Reflecting on the Past Month’s Challenge (#HAWMC)

imgres-3You did it! You’ve crossed the #HAWMC finish line. Recap the past month for us. What did you enjoy, what didn’t you enjoy? Favorite prompt?  WOW! I can’t believe it’s over but I enjoyed meeting other bloggers and new readers during WEGO’s Health Activist Writer’s Month Challenge. I’ll recap the three most popular prompts and articles during April’s challenge and lessons learned.

#1: Every Woman Has Screamed in a Dressing Room/Jeans

This month I gave a makeover I was giving to a mom who has six illnesses. One of the major principles we discussed is how to find the right jeans. Many women I’ve made over in the past have told me it’s “impossible” to find a good pair of jeans—in all cases, I’ve found them flattering denim. BmGac8BIUAARDPYThe article, “6 Tips: How to Wear Jeans While You’re Gaining Weight”, was the most popular article during #HAWMC. The average person sees 200 ads per day—many of them are weight loss ads, which make weight loss appear easier than it is. I wanted to write something for people who face common obstacles like medication, treatment, being bedridden, and genetics.

#2: Suffering: Atheists and People of Faith Have Some Things in Common

I had two memorable conversations that inspired me to write, “Listening Speaks Volumes.” I wrote about the tendency of some people to preach at sick people—things like: you wouldn’t be sick if you prayed harder or had more faith. This article struck a chord with many people—half the readers being are self-described Atheists who thanked me for writing it. Interestingly, the other half of readers who gave positive feedback are self-described Christians. Despite our differences, we have two things in common: 1) Everyone wants to be heard and 2) We’re all capable of empathy.

#3: Three Tips for Dealing with Mental Health Discrimination When it Prevents Diagnosis and Treatment of Physical Pain

Many of my readers have similar stories like the one I shared—mental health discrimination almost killed me. As I blogged about in, “You’re Just Stressed Out; Dismissing Pain as Fake,” because of my bipolar diagnosis, my primary physician didn’t take me seriously.   Even though I developed all of the symptoms of Myasthenia Gravis (neuromuscular autoimmune disease), she kept telling me I was “stressed out.” The last straw was when I fell down a long flight of stairs at work because I couldn’t feel anything below my waist.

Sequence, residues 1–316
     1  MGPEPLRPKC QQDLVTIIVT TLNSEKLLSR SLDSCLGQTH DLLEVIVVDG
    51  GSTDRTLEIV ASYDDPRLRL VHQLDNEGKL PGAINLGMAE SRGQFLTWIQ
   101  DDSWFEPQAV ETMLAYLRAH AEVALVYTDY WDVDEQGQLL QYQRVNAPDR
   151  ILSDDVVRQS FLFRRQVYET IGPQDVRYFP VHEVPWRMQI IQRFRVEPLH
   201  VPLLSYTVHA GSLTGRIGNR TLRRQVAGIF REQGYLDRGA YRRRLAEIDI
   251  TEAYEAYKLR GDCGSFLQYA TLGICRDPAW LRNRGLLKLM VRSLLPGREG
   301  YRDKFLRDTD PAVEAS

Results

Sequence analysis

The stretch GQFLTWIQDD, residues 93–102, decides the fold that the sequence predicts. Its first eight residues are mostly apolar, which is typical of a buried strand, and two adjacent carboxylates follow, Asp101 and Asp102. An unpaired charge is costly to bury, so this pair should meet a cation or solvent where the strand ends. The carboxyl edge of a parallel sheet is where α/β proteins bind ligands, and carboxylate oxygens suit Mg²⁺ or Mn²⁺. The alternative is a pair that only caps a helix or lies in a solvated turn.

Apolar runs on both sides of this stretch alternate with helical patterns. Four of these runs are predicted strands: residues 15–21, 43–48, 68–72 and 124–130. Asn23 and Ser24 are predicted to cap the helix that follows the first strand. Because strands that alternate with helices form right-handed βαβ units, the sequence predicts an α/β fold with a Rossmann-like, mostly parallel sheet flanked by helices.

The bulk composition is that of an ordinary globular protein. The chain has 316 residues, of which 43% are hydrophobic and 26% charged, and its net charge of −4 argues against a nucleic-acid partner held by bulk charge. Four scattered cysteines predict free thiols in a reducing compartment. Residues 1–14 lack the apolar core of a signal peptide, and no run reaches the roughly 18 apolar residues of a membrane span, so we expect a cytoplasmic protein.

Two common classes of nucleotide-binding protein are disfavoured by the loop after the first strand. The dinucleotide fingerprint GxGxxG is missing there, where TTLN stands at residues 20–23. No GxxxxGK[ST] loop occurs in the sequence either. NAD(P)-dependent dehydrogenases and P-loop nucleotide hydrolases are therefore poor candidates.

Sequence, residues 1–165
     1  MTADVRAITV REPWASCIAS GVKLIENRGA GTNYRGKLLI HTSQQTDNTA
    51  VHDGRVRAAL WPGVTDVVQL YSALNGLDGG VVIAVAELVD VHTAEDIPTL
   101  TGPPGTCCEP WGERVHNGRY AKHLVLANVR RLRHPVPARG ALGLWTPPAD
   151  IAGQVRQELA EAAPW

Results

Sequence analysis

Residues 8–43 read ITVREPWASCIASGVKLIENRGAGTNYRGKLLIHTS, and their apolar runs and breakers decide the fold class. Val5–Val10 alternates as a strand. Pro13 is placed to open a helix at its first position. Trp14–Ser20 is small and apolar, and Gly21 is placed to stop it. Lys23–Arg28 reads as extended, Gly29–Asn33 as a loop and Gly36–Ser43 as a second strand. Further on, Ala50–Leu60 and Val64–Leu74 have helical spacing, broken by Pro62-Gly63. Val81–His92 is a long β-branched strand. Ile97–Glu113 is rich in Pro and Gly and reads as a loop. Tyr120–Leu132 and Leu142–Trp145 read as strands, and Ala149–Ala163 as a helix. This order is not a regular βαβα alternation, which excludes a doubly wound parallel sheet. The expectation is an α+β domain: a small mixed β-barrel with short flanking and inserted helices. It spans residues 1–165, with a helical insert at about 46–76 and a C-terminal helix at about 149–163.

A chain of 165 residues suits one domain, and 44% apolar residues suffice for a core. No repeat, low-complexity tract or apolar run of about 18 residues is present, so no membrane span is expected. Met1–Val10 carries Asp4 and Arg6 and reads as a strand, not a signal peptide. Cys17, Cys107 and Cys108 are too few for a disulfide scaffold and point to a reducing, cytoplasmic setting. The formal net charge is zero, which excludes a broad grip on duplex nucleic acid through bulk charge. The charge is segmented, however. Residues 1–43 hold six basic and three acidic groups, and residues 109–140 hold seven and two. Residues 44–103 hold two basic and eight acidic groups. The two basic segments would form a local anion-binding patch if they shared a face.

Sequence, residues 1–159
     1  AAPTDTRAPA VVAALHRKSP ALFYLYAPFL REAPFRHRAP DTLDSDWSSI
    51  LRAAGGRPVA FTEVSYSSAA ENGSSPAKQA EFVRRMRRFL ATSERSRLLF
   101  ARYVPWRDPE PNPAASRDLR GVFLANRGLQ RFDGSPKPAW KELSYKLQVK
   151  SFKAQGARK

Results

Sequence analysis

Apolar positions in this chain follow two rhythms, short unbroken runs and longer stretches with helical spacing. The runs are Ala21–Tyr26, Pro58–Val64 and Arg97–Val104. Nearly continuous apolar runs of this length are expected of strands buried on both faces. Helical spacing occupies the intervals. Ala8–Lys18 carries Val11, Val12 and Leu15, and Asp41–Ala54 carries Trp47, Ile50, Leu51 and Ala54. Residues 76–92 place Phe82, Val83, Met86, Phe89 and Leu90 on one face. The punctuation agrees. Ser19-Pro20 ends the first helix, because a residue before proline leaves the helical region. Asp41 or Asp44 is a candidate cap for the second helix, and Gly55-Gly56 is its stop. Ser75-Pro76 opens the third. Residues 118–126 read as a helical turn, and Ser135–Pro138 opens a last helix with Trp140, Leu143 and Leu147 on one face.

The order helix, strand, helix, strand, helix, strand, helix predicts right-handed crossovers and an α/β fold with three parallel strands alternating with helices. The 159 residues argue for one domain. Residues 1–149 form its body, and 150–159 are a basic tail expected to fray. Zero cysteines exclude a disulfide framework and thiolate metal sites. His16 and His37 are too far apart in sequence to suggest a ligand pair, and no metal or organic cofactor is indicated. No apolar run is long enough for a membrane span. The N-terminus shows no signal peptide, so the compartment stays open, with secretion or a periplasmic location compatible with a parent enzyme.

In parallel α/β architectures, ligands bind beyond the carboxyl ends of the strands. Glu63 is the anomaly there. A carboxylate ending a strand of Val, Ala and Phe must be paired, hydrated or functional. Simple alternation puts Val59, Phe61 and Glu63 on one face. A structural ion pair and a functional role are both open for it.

During this week’s talk on YouTube in WEGO’s Health Activist Roundtable #4 (recording here), I was asked for tips for dealing with bigoted healthcare professionals. My tips are this: 1) Be persistent: I insisted on seeing a neurologist despite my primary telling me my symptoms were all in my head. The neuro diagnosed me immediately.A few days after diagnosis, I was in critical condition. But I was treated. Despite being given a 50/50 shot of living, I’m still here…six years later. 2) It’s not your job to change your doctor: If you meet a physician who treats you like crap because you have a mental illness, find someone else. I have a great neurologist today that I’ve been seeing for four years. When people tell me about bigotry, I tell them: It’s your job to do whatever it takes to stay alive—not to change someone. I have never met an ignorant physician who changed his/her views on people with mental illnesses. 3) Be discriminating in sharing information: I recently started physical therapy. This is the most helpful I’ve felt about my autoimmune disease in years. Still, I have no idea what my PT’s views on mental illness are. He does not prescribe me medication. I have not shared my bipolar diagnosis because I run the risk of him dismissing my pain as imaginary. Been there.  Done that. Not a fan of reruns…at least, not in my life.

–Your Stylist, Jessica Gimeno

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JessicaGimeno

Hi, I have five illnesses--bipolar disorder, myasthenia gravis (neuromuscular autoimmune disease), polycystic ovarian syndrome, asthma, and psoriasis. Most of the organs in my body are affected. I'm dedicated to being a stylist for sick women. As someone who has experienced changes in my appearance due to my 12 meds (including Prednisone), I know how hard it can be when your face and body change overnight. (In fact, because of treatment, between 2008 to 2010, I went from a size 0 to a size 10. While I lost the weight, there are permanent changes in my face and body, which I've grown to appreciate.) My blog will also help women deal with other issues like surviving chronic pain and fatigue. Healthy people can also use this blog as a window into what life with illness is like. Let this website be a place where we can draw strength from each other despite our illnesses and find solutions to our everyday challenges!

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